Cancer, Happily Retired, NET Cancer, Running

Outrunning Cancer

NIK_0909-0035-10-2018. About twenty minutes ago, I just finished running two miles and I have this HUGE comeback grin that just won’t stop!  I have Neuroendocrine (NET) Cancer, and six months ago I had surgery to remove 25% of my liver, but I just proved I can run again!  My legs and lungs remember.  I found my cardio zone.  I even dug in and pushed up a short hill.  The fresh air in my lungs felt crisp and “sparkly” as I gulped it in and found my running stride.  I had a million happy thoughts during this twenty minute euphoric return to my speed of life, but my brain was mostly singing, “Yay, MEEEEE!” and “I really do feel healthy out here” and “I’ve still got my pace!”

A short introduction:  I am 61 years old. Running has been my speed of life since I was fourteen.  I ran cross-country in high school, and continued with two-to-three mile daily runs for more than four decades.  I’ve done group runs after work and on weekends.  I find my joy on breathtaking beach runs.  Over the years I’ve enjoyed fun runs like The Color Run, and the scenic four-mile run in San Diego over the Coronado Bridge.  My favorite races are the Carlsbad 5K, billed as “fast and flat,” where I once medaled in my age group, and the Seafair Parade 10K in Seattle, where you run along the parade route before the actual parade begins with people cheering you the whole way.

After ramping up my distance training in my 40’s, I completed the La Jolla Half Marathon two years in a row.  That was a big accomplishment!  I remember icing my knees with a cold beer stein after finishing!  In my 50’s I returned to running two-to-three mile distances for the cardio benefits, the endorphins, and to maintain my overall health.

For all my lifelong fitness, however, I haven’t been able to outrun cancer.  It first showed up in 2008, when a primary tumor was located in my small intestine. It was removed and my doctor identified it as NET Cancer.  For the next six years, my six-month scans were all NED (no evidence of disease).  In 2014, spots appeared for the first time in my liver, and I started receiving monthly shots of Sandostatin LAR (my miracle NET Cancer maintenance treatment) to keep me symptom-free as long as possible.  I call these shots my “Chemo-to-go.” With this simple shot every month, I have been able to keep working and enjoying life as before.

Last year in August, my NET Cancer specialist and his team at Cedars-Sinai Medical Center were continuing to observe a dozen NET tumors that had accumulated in my liver.  They had been growing slowly over the past three years and it was becoming painful when I breathed in, as my enlarged liver was pressing on my diaphragm.  At that time, I decided to retire from my full-time career in marketing communications. It wasn’t an easy decision but it was important to take time to prepare for major surgery ahead.  My oncologist said by successfully removing all the tumors, my liver would regenerate and I would likely continue with a high quality of life going forward for several decades more.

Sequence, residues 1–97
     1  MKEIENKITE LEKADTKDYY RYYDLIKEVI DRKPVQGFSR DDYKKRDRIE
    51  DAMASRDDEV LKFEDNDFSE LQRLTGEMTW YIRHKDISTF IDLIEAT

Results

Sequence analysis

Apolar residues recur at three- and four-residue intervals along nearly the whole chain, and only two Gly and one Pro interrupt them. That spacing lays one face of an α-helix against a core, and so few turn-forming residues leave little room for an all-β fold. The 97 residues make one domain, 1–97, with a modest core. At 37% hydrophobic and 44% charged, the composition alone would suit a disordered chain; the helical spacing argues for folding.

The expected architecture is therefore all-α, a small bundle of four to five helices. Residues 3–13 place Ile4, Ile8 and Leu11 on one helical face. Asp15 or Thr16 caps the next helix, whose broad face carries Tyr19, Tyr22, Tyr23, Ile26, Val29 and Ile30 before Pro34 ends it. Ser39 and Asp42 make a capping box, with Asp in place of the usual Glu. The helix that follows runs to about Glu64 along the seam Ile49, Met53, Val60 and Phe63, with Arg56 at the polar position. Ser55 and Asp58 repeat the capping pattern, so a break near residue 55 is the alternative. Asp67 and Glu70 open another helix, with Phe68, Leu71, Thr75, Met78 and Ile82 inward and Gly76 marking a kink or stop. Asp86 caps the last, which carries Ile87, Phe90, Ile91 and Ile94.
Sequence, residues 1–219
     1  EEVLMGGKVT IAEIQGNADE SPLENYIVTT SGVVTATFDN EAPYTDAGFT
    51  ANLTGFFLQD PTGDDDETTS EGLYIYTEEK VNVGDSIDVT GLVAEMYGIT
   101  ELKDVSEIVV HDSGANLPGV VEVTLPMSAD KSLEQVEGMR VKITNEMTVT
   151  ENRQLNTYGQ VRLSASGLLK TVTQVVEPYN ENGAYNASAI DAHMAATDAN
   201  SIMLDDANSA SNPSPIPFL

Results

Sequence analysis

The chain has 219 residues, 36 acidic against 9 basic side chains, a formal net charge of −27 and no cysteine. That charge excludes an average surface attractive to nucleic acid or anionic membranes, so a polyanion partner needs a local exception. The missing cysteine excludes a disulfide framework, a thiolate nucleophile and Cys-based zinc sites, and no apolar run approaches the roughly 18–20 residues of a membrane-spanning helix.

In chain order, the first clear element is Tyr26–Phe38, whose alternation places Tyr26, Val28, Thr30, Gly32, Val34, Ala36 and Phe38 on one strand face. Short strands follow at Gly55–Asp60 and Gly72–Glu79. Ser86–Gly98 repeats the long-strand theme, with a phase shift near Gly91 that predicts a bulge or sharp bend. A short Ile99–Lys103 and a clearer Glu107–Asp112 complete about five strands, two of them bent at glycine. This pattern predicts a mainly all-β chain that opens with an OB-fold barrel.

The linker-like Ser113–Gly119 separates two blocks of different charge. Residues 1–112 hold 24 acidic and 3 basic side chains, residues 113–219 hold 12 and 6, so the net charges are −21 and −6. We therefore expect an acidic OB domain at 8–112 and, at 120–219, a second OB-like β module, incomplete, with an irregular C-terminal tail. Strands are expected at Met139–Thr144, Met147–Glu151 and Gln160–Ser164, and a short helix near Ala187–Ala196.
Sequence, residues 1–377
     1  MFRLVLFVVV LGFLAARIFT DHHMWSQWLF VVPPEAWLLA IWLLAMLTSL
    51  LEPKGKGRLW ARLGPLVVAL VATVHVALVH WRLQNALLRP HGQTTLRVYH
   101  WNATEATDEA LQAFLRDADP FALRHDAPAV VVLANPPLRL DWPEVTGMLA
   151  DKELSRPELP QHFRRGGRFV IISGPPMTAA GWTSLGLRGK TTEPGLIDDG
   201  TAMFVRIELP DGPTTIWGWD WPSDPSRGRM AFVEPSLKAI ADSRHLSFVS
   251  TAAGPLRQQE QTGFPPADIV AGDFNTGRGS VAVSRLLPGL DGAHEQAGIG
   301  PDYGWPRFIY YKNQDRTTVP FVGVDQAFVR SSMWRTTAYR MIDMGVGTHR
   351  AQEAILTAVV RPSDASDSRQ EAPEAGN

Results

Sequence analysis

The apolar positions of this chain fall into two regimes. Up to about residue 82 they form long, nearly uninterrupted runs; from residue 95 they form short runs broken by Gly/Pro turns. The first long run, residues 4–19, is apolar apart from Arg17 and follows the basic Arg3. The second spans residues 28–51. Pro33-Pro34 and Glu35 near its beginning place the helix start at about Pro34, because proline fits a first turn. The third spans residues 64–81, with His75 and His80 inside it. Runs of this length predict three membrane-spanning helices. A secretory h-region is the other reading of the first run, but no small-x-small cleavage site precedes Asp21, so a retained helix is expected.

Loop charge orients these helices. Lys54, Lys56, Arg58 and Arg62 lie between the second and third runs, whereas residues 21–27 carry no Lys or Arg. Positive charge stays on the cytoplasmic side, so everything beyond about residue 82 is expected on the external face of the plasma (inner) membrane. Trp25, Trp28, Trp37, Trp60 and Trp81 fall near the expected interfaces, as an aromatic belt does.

NET Cancer cannot be cured.  It is a rare cancer, and it does recur over time.  Fortunately, with tumor management treatments available today,  progression can be slowed down and regular life can continue for many NET Cancer patients for many years.

I may never be able to outrun my NET Cancer, but I love my newest return to 20-30 minutes of leg-pumping, heart-racing, outdoor moving meditation, running forward to my future, just as before.

For anyone who is a cancer survivor, I encourage you to get outdoors every day.  Do whatever you can do… take a walk at the beach or to the park.  Visit the public gardens in your area and enjoy the flowers in bloom.  If you live near water, go for a boat ride and feel the wind in your face.  Or find a comfy chair on your porch or in your backyard and close your eyes for a few minutes of sunshine.  Strive to be an outdoors person in some way every day, if possible.  There are cancer fitness programs in many areas too, with walking friendship groups for those that are able.

For anyone who knows a cancer survivor, invite them to experience the great outdoors with you.  Camping, sailing, a stroll in your area’s  botanical garden, a picnic by a lake, lunch by the ocean, a day at the local zoo.  If you have active friends fighting cancer, ask if you can sponsor them with a small donation to any fund-raising activities they support.  This means so much!

As far as running, I feel like a perennial flower in the garden… Blooming again every year. It feels so good to be back!